Tax Blog

Is the sun rising on HMRC’s digital tax accounts?

News of HMRC’s proposals to introduce digital tax accounts for small businesses, the self-employed and other tax payers, was generally met with relief by those parties, but by an element of scepticism among accountants.

HMRC says that it is hoping to eliminate the annual tax return process for the UK’s five million small businesses and ten million tax payers by early 2016. It is hoped that its replacement, the real time digital tax account, will be not only secure but highly personalised. All tax information will be held in the same place and individuals will be able to choose to view their outstanding tax on a “pay as you go” basis, rather than being faced with a bill at the end of the financial year.

Taxpayers, it says, will: “…get a real-time view of their tax affairs and see how their tax is calculated. They’ll also be able to check how much tax they owe or need to be repaid and see their options for paying securely”. In addition, individuals who are eligible to pay more than one tax will be able to see all of their tax liabilities in one place.

Instead of relying on tax payers to provide the necessary information from which to calculate tax returns, HMRC will instead collate this information from a combination of its own files and other third parties such as banks. It will, however, fall to the tax payer to ensure that information held is correct.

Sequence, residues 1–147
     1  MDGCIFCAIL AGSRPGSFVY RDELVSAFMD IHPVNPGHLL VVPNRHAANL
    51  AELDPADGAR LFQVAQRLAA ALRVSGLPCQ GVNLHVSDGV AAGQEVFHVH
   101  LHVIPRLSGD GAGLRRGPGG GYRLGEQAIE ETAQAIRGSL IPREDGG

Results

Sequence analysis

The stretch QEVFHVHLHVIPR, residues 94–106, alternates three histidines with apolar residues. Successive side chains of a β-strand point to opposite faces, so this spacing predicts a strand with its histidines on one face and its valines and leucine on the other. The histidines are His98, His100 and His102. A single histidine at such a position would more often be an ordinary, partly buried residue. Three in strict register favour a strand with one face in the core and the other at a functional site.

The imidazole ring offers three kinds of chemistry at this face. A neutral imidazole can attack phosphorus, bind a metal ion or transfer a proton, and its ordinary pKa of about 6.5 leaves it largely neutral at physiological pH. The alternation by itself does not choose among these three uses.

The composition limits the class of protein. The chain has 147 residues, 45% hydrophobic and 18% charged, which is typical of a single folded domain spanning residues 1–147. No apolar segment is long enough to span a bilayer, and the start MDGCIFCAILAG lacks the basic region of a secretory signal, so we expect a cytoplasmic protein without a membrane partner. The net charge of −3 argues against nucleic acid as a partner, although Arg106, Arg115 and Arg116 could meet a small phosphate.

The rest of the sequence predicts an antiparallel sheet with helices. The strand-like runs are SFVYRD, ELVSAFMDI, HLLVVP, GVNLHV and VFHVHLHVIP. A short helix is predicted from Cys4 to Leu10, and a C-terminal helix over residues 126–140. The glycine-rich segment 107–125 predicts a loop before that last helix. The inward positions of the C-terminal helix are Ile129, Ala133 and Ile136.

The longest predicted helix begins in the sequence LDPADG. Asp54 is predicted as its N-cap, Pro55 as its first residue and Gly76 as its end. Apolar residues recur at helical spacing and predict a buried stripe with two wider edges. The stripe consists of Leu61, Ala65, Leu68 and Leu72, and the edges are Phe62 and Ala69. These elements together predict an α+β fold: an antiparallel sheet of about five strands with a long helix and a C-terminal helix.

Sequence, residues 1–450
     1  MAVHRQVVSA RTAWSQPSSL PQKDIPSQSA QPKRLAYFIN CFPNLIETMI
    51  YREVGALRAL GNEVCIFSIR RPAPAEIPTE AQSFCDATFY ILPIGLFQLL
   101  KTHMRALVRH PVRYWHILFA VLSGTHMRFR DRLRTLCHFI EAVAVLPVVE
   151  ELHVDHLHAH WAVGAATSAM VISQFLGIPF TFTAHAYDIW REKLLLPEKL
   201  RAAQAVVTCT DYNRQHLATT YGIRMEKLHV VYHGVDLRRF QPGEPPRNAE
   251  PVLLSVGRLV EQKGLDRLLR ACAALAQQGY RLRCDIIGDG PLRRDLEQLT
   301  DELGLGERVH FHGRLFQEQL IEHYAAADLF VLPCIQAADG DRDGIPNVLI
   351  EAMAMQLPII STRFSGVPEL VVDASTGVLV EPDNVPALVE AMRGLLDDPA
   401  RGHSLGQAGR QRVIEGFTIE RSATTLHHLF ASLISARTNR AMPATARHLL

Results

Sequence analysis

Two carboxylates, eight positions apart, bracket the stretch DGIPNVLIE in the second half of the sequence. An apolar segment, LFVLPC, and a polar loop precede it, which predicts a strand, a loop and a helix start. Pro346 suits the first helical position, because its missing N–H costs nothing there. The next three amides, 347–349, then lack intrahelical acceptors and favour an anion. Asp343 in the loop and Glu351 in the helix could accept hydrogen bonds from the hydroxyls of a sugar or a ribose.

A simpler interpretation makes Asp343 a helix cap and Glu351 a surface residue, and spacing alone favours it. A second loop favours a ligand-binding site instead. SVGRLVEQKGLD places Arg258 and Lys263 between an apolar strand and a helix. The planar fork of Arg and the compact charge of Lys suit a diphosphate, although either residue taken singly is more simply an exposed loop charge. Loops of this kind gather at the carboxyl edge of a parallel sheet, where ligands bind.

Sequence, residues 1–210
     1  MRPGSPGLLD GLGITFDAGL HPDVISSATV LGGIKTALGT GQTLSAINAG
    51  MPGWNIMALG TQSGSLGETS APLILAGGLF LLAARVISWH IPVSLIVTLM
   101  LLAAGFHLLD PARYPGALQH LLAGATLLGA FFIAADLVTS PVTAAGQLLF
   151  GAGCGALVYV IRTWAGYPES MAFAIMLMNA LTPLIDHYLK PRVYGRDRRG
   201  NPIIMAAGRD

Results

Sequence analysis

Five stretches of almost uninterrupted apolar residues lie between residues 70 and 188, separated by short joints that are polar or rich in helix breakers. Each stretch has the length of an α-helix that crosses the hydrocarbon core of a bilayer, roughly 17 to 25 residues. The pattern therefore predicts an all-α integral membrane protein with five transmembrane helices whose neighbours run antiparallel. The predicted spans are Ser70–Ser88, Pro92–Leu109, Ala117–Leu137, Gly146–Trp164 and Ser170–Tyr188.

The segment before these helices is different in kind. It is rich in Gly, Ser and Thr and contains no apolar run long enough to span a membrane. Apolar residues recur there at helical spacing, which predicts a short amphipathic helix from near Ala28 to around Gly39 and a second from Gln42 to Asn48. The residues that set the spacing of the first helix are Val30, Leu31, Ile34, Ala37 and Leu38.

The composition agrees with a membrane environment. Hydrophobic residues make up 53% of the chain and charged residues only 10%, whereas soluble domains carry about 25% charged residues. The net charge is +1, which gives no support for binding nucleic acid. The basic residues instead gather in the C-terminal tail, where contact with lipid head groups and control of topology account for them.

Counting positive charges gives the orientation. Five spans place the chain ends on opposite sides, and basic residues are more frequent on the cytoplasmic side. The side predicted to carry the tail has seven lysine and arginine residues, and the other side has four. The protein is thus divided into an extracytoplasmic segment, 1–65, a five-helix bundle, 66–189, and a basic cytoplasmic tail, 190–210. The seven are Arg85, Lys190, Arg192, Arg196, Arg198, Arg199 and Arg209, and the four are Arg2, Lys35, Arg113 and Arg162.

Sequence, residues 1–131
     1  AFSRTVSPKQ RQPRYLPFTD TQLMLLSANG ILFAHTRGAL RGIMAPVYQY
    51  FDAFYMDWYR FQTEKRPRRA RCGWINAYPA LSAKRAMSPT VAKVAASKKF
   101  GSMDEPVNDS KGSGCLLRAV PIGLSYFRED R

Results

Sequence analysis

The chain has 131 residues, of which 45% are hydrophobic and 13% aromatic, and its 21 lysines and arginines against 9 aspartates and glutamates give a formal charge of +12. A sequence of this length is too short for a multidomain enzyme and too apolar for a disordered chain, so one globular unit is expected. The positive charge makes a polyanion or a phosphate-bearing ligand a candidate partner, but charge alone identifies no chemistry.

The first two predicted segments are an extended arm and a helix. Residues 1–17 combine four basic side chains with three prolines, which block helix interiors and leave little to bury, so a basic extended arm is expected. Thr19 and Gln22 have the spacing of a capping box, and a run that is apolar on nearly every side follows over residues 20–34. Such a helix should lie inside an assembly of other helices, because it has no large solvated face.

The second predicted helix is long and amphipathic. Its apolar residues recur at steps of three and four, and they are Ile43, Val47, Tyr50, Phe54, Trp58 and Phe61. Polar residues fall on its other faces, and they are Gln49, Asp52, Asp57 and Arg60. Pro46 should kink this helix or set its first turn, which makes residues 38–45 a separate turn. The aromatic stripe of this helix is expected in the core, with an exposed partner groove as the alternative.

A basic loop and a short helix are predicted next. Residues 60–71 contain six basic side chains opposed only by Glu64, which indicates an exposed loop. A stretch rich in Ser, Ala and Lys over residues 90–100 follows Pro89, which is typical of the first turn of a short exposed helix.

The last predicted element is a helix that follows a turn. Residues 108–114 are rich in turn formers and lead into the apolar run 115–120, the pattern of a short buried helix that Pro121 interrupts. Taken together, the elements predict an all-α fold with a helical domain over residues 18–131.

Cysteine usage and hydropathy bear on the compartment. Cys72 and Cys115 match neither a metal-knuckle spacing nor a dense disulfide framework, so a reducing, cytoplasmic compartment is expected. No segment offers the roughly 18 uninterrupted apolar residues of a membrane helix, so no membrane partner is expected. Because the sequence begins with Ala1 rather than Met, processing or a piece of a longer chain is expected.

Essentially then, self-assessment and other taxes may be dealt with on a day by day basis, rather than yearly – a move which will undoubtedly assist with the average SME cashflow.

For some taxpayers however, there may remain the necessity to supply additional information to HMRC, particularly those whose tax affairs are more complex and private limited companies which may still need to enter dividends manually. It is still advised in these instances, that the professional services of an accountant be used, in order to check that the information held by HMRC is correct, to report any unrecorded, relevant information and advise on how to minimise tax payable.

Accountants still have many questions about the new digital tax accounts, which remain unanswered. There remains an uncertainty about deadline dates, confidentiality and timetables. The feeling within the industry is that the government may be over-promising and at risk of under-delivering.

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